Over 160 participants gathered Wednesday evening at the Primary Care Innovation Circle Third Annual Summit to take on the glaring underfunding of primary care. The event, titled Growing the Primary Care Share of Health Care Spending, was organized by the Primary Care Development Corporation (PCDC) and held at the New York Academy of Sciences in Lower Manhattan.
“Primary care is so important, and yet is undervalued and underfunded by our health care system,” said Louise Cohen, MPH, CEO of PCDC and moderator of the event. “What emerged from this Innovation Circle will guide our work to increase spending on primary care so it can improve health outcomes, lower costs and ensure healthier families and communities.”
Primary care accounts for 55 percent of all U.S. medical visits but receives only about five percent of health care spending,which threatens efforts to increase access and move to a value-based care delivery system.
The night’s conversation was led by panelists Lawrence Casalino, MD, PhD, Chief, Division of Healthcare Policy and Research, Weill Cornell Medical College; Lindsay Farrell, CEO, Open Door Family Medical Centers; Sherry Glied, PhD, Dean, NYU Wagner; Christopher Koller, President, Milbank Memorial Fund; and Troy Oechsner, Deputy Superintendent for Health, NYS Department of Financial Services.
Drawing on their extensive experience in research, policy and practice, the panelists offered solutions to increase the share of primary care spending. Highlights included:
- Nearly doubling the primary care share. Koller recounted how, as health insurance commissioner of Rhode Island, he used the power of “rate review” to increase the primary care share of commercial health plan spending from 5.8 percent to 10.8 percent over five years. The additional spending supported medical home incentives, performance-based payments and health IT, without saddling health plans with excessive regulations. New York State is currently encouraging health plans to invest in practice transformation and care coordination to support “Advanced Primary Care” models. “The ideal is to give them carrots and create a value proposition to make it easier for insurers to make those investments,” said Oechsner.
- Where should the money go? Farrell said that if spending were doubled she would invest in additional and modernized space, as well as more training to ensure the health center was operating at its full potential. Casalino added that some of the money should increase provider and staff salaries to close the pay disparity between primary care providers and specialists and close the talent gap.
- Is it all about “value?” Glied challenged the assumption that primary care must save money to warrant additional investment. “Suppose we found out that primary care doesn’t save money, but makes people feel better? I think we can invest money in primary care, even if it has no effect on spending, because it is something we care about,” she said.
- The cost of measurement. Panelists lamented the burden of reporting requirements, highlighting a recent Casalino study published in Health Affairs revealing that physicians spend more than $15.4 billion per year on quality measurement reporting, with primary care practices spending $50,000 annually per physician – more than any other specialty surveyed.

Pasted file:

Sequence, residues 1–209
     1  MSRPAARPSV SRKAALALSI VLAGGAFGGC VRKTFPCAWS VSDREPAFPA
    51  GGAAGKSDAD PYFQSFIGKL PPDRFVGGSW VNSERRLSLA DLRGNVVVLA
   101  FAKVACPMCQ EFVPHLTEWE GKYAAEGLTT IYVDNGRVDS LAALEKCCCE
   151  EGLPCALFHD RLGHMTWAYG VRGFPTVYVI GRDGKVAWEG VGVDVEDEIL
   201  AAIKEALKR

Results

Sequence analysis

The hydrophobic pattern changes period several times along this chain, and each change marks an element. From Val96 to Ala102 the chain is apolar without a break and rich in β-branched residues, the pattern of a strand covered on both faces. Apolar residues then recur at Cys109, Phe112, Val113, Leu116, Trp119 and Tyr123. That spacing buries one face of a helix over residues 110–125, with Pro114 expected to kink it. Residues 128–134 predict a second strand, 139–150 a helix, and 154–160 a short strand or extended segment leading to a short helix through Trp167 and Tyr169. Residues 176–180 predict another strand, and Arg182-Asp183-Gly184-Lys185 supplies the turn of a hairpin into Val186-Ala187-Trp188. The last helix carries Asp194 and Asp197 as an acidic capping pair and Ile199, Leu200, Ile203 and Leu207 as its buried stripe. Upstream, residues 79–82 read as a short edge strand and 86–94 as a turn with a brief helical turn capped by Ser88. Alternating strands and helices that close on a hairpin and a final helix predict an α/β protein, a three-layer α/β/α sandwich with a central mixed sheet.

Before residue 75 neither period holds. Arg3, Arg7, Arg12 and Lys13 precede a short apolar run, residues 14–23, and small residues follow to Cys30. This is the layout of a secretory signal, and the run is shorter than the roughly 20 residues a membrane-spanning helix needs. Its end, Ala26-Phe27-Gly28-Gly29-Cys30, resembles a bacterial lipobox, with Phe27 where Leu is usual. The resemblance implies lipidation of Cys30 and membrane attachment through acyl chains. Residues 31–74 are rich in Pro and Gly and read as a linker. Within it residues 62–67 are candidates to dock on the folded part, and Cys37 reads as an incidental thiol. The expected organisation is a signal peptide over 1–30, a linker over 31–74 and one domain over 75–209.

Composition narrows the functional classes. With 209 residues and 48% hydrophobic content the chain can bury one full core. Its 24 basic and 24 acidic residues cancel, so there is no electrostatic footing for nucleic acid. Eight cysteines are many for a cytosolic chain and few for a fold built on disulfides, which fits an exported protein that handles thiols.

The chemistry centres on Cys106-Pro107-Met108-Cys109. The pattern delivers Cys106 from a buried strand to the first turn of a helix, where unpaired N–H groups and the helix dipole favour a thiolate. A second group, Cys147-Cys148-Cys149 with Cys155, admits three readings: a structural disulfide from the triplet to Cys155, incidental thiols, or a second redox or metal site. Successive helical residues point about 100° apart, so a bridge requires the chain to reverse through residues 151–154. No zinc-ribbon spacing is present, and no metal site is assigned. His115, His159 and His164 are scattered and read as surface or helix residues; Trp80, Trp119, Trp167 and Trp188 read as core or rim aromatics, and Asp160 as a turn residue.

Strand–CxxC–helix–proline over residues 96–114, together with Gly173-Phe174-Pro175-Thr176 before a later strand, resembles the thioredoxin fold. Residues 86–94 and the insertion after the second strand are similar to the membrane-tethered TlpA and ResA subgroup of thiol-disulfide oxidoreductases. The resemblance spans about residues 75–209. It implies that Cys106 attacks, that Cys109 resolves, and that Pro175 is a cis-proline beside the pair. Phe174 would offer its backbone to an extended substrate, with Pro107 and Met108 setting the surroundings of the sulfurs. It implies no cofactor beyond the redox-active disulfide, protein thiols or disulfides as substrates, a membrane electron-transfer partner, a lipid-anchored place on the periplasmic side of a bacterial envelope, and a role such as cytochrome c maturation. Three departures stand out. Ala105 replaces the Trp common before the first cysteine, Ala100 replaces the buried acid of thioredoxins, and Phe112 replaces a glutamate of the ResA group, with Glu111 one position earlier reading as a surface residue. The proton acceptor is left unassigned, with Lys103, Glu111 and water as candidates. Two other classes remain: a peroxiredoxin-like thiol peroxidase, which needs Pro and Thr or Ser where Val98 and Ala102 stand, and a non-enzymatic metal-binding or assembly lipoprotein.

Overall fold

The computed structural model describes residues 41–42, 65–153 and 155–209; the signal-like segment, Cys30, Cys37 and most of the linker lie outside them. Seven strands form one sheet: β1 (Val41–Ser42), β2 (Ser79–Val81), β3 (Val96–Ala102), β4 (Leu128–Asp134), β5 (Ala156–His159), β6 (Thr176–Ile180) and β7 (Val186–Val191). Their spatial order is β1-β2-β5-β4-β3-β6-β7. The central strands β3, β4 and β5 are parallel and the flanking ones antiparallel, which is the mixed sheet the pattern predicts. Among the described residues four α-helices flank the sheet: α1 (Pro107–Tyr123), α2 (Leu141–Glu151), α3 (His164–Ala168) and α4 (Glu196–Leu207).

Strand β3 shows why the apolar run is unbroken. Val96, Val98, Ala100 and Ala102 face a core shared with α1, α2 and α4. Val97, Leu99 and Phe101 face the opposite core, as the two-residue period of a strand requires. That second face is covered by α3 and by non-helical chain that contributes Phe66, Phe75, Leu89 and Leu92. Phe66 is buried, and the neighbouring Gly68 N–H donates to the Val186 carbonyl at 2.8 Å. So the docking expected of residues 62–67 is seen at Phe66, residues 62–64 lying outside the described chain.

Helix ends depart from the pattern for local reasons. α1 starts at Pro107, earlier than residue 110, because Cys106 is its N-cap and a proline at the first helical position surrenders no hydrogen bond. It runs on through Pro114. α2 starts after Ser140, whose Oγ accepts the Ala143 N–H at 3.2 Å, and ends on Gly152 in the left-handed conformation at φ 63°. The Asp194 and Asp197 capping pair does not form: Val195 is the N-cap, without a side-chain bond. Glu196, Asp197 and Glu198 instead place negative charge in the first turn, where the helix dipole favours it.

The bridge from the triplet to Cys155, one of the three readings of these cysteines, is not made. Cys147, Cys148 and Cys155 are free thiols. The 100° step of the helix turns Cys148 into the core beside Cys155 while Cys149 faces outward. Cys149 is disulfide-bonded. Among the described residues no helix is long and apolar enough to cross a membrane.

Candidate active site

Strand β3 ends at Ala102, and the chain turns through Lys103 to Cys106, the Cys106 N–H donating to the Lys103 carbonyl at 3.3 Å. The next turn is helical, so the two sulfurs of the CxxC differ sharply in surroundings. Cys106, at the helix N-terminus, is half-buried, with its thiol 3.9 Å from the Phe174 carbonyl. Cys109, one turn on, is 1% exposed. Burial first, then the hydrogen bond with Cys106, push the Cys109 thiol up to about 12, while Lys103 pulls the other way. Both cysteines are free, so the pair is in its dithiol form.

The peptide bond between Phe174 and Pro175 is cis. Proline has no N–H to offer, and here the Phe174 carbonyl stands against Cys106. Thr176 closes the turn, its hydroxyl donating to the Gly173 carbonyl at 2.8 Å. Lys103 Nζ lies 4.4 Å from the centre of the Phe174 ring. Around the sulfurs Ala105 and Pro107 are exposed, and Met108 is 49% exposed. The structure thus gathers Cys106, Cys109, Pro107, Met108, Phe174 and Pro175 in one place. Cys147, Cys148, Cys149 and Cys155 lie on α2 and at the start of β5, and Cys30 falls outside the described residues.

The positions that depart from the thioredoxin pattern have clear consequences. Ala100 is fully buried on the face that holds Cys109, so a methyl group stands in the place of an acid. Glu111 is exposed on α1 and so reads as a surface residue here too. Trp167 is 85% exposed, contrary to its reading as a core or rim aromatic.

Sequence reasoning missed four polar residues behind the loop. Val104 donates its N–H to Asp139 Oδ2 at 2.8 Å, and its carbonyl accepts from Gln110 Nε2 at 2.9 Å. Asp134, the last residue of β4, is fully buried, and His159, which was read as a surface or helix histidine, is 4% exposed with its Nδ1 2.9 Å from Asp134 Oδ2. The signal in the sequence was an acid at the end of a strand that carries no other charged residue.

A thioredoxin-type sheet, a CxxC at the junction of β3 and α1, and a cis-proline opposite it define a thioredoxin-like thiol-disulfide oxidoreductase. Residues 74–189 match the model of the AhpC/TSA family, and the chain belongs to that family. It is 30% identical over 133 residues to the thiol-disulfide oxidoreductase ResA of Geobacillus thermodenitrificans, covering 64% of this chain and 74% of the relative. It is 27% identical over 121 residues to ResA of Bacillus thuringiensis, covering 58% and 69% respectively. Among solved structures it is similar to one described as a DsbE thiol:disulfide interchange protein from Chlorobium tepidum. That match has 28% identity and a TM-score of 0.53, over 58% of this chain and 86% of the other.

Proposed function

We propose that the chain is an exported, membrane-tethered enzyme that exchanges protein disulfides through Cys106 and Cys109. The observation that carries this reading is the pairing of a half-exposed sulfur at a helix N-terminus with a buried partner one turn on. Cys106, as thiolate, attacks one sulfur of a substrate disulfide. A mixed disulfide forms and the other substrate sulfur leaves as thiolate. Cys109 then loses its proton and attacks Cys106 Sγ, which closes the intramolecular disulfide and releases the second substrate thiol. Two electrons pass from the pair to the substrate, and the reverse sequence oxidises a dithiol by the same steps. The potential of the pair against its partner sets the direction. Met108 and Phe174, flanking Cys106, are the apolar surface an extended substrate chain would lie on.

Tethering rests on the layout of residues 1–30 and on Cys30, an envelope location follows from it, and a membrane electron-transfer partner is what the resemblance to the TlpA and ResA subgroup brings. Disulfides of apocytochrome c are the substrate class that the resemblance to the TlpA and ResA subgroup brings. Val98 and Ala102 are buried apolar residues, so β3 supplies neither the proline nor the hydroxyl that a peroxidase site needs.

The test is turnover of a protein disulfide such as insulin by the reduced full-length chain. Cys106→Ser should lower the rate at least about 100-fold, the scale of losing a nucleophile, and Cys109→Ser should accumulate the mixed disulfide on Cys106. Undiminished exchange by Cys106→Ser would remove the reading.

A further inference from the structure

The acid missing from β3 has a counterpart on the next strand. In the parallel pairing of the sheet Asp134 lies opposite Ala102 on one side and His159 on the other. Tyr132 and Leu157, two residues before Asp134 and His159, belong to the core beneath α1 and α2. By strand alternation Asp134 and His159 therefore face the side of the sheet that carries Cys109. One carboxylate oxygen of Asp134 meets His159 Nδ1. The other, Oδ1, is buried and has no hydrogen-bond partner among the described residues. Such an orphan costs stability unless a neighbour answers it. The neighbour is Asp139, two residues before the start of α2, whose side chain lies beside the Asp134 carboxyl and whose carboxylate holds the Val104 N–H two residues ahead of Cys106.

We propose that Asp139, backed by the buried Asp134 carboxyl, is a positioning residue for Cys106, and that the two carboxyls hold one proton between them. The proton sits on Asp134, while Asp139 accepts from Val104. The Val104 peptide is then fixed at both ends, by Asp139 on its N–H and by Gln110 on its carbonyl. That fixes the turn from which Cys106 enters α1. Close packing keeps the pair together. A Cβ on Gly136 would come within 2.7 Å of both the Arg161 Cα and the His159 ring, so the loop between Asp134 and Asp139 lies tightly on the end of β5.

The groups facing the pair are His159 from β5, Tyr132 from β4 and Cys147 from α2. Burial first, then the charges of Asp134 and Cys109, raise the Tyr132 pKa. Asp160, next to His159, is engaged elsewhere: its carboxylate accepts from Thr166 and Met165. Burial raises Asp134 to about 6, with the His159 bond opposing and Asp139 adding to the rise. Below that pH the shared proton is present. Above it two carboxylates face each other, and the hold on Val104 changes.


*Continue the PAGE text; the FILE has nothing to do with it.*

- Publicly report primary care spending. Koller suggested that New York could publicly release reports (at least annually) showing how much each health plan spent on primary care, which would encourage them to compete on primary care investment in a “race to the top.”
The Primary Care Innovation Circle Third Annual Summit was generously sponsored by athenahealth and Custom Computer Specialists. PCDC’s signature event series, the Primary Care Innovation Circle brings together health care leaders to offer fresh perspectives on challenges facing the industry. Past events have tackled issues such as private sector and social investment in primary care, payment reform, workforce challenges, delivery system reform and the sustainability of the medical home model.
For more information about the Primary Care Innovation Circle, and for follow-up information related to the March 9 event, visit www.pcdc.org/innovationcircle.
Founded in 1993, the Primary Care Development Corporation (PCDC) is a nationally recognized nonprofit organization dedicated to expanding access to quality primary care, in order to improve the health of families and communities, lessen disparities and reduce health care costs. PCDC offers training and technical assistance on providing health care services that are accessible, high-quality, and compassionate; affordable capital to renovate and expand community health centers so that services are offered in settings that promote efficiency, dignity, and respect; and advocacy to advance public policies that strengthen and sustain quality primary care. To date, PCDC has helped over 1,000 primary care practices improve delivery of care and financed over $670 million to enhance capacity in low-income communities.
1 Ambulatory Care Use and Physician Office Visits. Centers for Disease Control and Prevention website. http://www.cdc.gov/nchs/fastats/physician-visits.htm. Updated April 29, 2014. Accessed March 1, 2016.